Monday, August 22, 2011

In 1856, Senator Preston Brooks, using his cane, severely beat Senator Charles Sumner on the Senate floor. Until the recent embarrassing game of chicken played with the debt ceiling Mr. Brooks' beating had been viewed as the nadir of U.S. political behavior. In a nation whose birth was partially midwifed by a pamphlet entitled "Common Sense" the national leadership has become woefully chippy and seemingly unable to see the obvious sensible course. In stark contrast to the vacuum of leadership at the national level we have the inspiring selfless examples of Tariq Jahan, whose son was killed in the recent London violence, calling for calm and the many kind people in Indiana who rushed toward the collapsing State Fair stage, as it collapsed, to help those in need. Post the legislative debate we are treated to an escalating game of finger pointing in its wake. Even more remarkable is the legislative result calling for the establishment of a national political committee to hunt for ways to reduce debt. In Rip Van Winkle style one could have fallen asleep the day the Bowles-Simpson Committee was formed and awakened this summer to believe you had only slept for a few hours. Bowles-Simpson produced a thoughtful list of spending, tax and deduction adjustments which were selected to remedy the national debt situation, not to protect a favored constituency. Its conclusions were balanced, politically difficult and therefore, buried. Now we are going to perform the same play, but featuring puppets instead of real actors.

Before the debt debate headed to Dead Man’s Curve, the private equity world was making its best effort to revive memories of 2007. Leverage and purchase multiples on new deals had reverted to “pre-Lehman” levels. More interesting to the shrewder limited partners is what has happened to the levels of other risks being taken by PE firms. A large percentage of deals were being signed without financing conditions. (Source: Kirkland & Ellis data base). In other words, if debt markets softened or closed, precisely as they have done in August, nearly one-third of deals would have required either paying prohibitive rates as lenders “flex” terms or funding 100% equity from capital calls to the limited partners. Another 37% have no Market Adverse Event condition which means if you agreed to buy an American beer brewery and beer is outlawed before the deal closes the buyer still has to pay the full price! If all goes well these risks are moot, but if August 2011 occurs while you are waiting to close financial disaster greets the investors. Careful investors include understanding a PE firms’ approach on terms such as these when selecting funds.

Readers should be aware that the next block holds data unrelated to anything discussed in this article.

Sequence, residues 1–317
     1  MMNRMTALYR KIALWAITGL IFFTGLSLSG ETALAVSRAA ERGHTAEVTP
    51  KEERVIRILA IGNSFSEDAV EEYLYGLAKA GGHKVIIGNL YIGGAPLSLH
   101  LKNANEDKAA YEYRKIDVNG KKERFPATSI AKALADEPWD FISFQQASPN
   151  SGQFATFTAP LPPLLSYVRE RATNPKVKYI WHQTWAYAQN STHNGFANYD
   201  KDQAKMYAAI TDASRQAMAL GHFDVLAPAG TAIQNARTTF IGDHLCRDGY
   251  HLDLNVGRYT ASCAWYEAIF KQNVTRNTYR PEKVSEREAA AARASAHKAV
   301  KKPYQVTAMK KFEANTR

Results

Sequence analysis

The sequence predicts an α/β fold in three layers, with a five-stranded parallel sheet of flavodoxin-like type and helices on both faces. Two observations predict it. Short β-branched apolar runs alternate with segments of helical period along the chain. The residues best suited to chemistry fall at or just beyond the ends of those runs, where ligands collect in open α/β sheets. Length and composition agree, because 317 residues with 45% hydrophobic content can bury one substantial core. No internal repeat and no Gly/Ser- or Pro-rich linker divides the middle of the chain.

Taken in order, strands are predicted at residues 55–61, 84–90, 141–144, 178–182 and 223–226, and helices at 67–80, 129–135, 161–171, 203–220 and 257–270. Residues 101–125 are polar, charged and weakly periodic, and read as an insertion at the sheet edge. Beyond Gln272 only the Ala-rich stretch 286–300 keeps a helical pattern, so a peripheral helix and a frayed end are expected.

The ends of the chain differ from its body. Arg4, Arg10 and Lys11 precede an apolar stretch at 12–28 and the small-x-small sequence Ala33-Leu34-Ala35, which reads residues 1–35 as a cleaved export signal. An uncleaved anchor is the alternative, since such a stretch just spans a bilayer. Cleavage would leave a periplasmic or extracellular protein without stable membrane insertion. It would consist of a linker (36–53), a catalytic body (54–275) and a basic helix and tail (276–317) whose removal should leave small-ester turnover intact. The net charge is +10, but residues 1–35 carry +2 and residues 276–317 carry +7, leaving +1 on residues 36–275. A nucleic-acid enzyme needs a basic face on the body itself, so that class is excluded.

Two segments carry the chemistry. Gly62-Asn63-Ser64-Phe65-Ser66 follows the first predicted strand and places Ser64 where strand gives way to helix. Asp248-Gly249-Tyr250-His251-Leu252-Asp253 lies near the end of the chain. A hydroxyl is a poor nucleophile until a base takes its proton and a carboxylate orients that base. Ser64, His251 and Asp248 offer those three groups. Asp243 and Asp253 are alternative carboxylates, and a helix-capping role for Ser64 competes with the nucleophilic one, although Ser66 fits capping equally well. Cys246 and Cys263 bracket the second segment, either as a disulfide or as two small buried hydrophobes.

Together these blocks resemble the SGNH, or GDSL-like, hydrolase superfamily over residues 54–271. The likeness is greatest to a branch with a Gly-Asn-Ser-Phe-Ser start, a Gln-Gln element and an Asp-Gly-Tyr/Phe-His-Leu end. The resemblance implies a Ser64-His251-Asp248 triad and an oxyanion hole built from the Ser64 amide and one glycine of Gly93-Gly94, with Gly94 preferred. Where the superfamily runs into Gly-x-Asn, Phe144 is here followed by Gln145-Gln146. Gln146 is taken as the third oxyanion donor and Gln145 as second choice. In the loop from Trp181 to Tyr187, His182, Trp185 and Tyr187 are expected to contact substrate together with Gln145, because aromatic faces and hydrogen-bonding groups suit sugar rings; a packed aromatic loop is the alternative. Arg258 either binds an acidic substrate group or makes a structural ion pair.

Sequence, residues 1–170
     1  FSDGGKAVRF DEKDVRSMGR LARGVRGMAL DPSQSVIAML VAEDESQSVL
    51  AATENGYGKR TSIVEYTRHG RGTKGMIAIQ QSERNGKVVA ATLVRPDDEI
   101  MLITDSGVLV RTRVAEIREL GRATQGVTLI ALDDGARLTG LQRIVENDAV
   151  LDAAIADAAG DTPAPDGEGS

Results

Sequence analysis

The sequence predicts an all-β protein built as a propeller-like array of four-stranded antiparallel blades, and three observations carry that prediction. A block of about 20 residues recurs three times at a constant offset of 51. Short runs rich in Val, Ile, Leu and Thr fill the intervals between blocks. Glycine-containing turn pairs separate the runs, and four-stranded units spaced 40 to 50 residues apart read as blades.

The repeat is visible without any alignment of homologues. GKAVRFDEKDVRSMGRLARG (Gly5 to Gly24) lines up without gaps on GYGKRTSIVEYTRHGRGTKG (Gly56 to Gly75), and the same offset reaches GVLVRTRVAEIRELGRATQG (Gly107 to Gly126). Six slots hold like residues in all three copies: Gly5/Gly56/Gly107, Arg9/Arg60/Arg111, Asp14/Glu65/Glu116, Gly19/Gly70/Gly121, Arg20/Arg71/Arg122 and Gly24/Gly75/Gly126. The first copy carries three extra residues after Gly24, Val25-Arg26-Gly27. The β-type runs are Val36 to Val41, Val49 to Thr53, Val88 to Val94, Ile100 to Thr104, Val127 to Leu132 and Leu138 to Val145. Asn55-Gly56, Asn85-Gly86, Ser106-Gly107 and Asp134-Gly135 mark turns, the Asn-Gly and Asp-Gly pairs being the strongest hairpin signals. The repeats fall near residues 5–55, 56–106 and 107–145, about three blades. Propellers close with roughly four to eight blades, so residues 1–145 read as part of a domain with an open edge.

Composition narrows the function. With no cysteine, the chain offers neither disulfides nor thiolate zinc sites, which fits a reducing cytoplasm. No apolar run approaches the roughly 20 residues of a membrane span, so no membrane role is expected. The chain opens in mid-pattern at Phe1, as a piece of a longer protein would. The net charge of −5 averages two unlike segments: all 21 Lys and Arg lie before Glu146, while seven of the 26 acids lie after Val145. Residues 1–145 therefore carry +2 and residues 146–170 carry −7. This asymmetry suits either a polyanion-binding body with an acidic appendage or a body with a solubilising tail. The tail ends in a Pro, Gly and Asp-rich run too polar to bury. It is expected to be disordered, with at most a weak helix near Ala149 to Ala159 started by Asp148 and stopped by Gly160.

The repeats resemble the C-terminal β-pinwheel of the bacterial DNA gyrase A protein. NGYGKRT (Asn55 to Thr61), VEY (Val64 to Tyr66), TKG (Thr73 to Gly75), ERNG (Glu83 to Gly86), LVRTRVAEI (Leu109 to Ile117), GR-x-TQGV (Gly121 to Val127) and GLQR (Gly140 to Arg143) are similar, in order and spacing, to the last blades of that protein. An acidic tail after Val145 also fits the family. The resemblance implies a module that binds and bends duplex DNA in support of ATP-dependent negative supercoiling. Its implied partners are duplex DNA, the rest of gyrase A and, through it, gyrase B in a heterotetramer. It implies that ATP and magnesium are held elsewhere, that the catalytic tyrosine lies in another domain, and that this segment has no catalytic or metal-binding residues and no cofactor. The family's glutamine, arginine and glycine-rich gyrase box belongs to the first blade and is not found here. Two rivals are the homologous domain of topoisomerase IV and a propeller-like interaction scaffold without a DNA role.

The measure of the greatness of any system or person is how either responds to adversity. Does the system try to solve its problem or rather, expend its energy on deflecting responsibility. Pheidippides can feel the proverbial arrow in his back on both sides of the Atlantic. Much of Europe has banned or restricted short selling of stocks, the equivalent to broadcasters banning war news to prevent wars. In the United States the loudest voices are heard blaming other political parties, specific officials, regulators or dame fortune. Instead of pursuing a locavore approach to policy we might consider looking north to Canada to see what home lending and banking practices there helped avoid a foreclosure crisis. We would find policies dominated by common sense instead of the lending casino the U.S. became. Interestingly, there is no mortgage interest deduction in Canada, nor were there sub prime, no doc loans and mortgages are full recourse to the borrower, a term that likely focuses the borrower on repayment.

At the nexus of regulation and private equity sits Dodd Frank. In June, the House Financial Services Committee unanimously passed a bill exempting PE from registration, subject to certain leverage tests, and the SEC simultaneously extended the compliance date until March 31, 2012, which should allow the legislative process time to complete its task. At first glance, an optimist might think a wise man had stepped into the process, but then the SEC released the other registration exemptions rules including the full exemption for “Family Offices.” Since the theory for including PE in Dodd Frank was to identify and control “systemic risk” the exemption fails convincingly when held up to the light. George Soros recently removed a few non-family investors to ensure his $24 billion asset pool, which is believed to be heavily leveraged, and occasionally buys small countries, would be exempt, while a $151 million capital pool that invests in “green” dry cleaners would be deemed to pose systemic risk. This standard feels as reasonable to us as losing points for class participation in AP Physics. As the rules for marriage in many states rapidly change, Olympus Partners is seeking a haven in which we can all marry and confer upon us a family office exemption.

Simmering on the back burner in Washington is the carried interest tax debate. Rather than let it simmer and permit national debate to focus on other matters Leon Black decided to throw himself a birthday party from the Dennis Kozlowski “Manual of Shyness”. Leon spent several million dollars on his bash, including NY Times coverage, which featured Elton John who sang Leon (to the tune of Levon) and the rapper Kerry Dintris for entertainment. Despite Leon’s appearance in DC criticizing the plans to increase the tax rate on carried interest a careful read of the legal structure of Apollo’s new public vehicle suggest the IPO has immunized Leon from the potential tax increase and favorably adjusted his basis, so a celebration was in order.

I’m Rob Morris and I approved this blog.

Playing Chicken: A National Policy?